Check out this good news from students and allies out in Oakland, CA who are organized as BAYPEACE (Better Alternatives for Youth). In their latest achievement toward protecting students from unwanted contact from military recruiters, they worked with the school board in San Francisco to allow students to opt out of the Pentagon's "JAMRS" data base. Here is their report:
Another Victory for Student Privacy from the JAMRS Military Recruiting Database!
On October 12, 2010 the San Francisco Unified School District (SFUSD) Board unanimously passed Resolution No. 108-24A1— a Recommitment of the San Francisco Unified School District to Further Protect Student Privacy from Military Recruitment.
The resolution, presented by Commissioner Sandra Lee Fewer, was the third "JAMRS opt out" resolution inspired by the BAY-Peace Youth Manifesto Campaign. BAY-Peace: Better Alternatives for Youth, working in partnership with the American Friends Service Committee, is behind the three year, grassroots, youth-led campaign aimed at raising students' awareness of their right to opt out of having their personal information sold to the military by the private military recruiting database called "JAMRS."
According to the New York Civil Liberties Union, Joint Advertising Market Research Studies (JAMRS), is a private database funded by the Department of Defense with the goal of maximizing recruitment efforts. In 2005, the Pentagon announced the existence of the JAMRS Database—a massive registry of 30 million Americans between the ages of 16 and 25 for military recruitment purposes.
The JAMRS database includes information such as name, date of birth, gender, mailing address e-mail address, race and ethnicity, telephone number, high school name, graduation date, Grade Point Average, college intent, military interest, field of study and the student's ASVAB test score. The information is collected from a wide range of public and private sources, unbeknownst to the youth themselves or to their parents. A 2007 lawsuit by the New York Civil Liberties Union won the right of students to keep their personal information from being sold to the military by opting out of the JAMRS database.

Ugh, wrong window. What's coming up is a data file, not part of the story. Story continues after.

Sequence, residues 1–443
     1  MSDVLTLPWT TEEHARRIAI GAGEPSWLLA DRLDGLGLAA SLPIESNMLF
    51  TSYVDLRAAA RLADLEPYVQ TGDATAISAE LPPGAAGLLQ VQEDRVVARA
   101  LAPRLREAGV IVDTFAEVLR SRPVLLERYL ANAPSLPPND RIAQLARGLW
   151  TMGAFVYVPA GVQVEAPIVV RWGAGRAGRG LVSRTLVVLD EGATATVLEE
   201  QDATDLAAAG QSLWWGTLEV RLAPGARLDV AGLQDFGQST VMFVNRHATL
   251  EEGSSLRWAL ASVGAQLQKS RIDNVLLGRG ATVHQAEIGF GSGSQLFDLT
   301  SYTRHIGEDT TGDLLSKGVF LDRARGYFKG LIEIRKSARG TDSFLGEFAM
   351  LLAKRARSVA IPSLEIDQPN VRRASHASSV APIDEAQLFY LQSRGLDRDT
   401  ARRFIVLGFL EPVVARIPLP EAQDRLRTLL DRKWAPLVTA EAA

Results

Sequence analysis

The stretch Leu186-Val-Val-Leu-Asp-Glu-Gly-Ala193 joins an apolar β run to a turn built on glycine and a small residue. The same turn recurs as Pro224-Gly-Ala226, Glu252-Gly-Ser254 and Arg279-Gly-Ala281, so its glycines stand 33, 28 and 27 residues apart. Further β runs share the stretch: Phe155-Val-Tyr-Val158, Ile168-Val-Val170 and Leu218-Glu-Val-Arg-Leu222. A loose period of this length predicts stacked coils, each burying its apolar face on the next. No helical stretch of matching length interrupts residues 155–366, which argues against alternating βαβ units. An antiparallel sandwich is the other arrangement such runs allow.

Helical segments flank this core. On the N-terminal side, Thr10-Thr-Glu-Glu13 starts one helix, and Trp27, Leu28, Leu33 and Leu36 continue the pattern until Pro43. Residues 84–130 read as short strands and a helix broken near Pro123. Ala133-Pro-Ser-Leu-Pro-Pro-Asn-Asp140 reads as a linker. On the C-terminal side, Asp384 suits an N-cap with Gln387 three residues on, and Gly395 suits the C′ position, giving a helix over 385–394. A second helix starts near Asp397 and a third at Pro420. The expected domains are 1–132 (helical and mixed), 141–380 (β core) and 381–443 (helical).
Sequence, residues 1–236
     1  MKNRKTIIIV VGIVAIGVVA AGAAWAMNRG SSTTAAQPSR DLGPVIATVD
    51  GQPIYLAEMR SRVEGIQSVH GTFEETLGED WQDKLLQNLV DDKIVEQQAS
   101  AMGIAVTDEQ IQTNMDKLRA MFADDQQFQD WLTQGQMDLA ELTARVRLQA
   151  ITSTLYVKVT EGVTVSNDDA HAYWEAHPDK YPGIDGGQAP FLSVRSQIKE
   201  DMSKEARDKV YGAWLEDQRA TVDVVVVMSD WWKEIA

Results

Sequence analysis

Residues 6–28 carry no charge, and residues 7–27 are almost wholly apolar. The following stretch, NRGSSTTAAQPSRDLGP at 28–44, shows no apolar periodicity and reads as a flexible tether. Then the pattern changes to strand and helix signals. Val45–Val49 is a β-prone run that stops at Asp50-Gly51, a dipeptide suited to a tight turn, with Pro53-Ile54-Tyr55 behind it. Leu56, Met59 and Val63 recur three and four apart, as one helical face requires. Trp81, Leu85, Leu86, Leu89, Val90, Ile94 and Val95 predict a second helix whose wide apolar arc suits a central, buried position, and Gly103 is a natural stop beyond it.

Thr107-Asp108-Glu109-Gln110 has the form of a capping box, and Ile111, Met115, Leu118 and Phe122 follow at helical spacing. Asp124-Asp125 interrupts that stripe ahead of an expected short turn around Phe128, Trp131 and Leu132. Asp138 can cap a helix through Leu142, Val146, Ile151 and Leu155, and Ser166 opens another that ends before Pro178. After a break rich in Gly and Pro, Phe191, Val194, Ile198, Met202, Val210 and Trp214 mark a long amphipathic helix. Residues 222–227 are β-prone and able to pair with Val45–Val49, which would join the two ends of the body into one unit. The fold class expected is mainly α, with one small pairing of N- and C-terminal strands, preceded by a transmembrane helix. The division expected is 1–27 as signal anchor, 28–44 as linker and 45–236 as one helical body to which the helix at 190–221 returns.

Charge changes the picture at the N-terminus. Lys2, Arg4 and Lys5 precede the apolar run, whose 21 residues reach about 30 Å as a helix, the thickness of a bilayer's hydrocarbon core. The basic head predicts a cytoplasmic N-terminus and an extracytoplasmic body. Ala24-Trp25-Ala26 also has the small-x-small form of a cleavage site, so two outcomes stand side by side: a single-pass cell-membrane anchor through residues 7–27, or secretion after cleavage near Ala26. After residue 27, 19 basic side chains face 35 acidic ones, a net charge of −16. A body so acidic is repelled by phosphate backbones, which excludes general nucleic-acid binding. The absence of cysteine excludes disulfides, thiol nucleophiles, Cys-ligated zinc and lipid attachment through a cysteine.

These new Student Privacy resolutions in Oakland, Berkeley and San Francisco each require that a "Joint Advertising Market Research Studies (JAMRS) opt-out form to be included in every high school student's registration packet" to inform students of their right to tell JAMRS not to sell their personal information to military recruiters. They also require that opt-out forms to be made visibly available at all Oakland, Berkeley and San Francisco High School campuses.
The three districts already provide the No Child Left Behind (NCLB) opt-out form to protect students from unwanted pursuit by military recruiters. However, since most students and parents are not aware that their information is also being collected by JAMRS, a second opt-out form is considered to be necessary for further protection.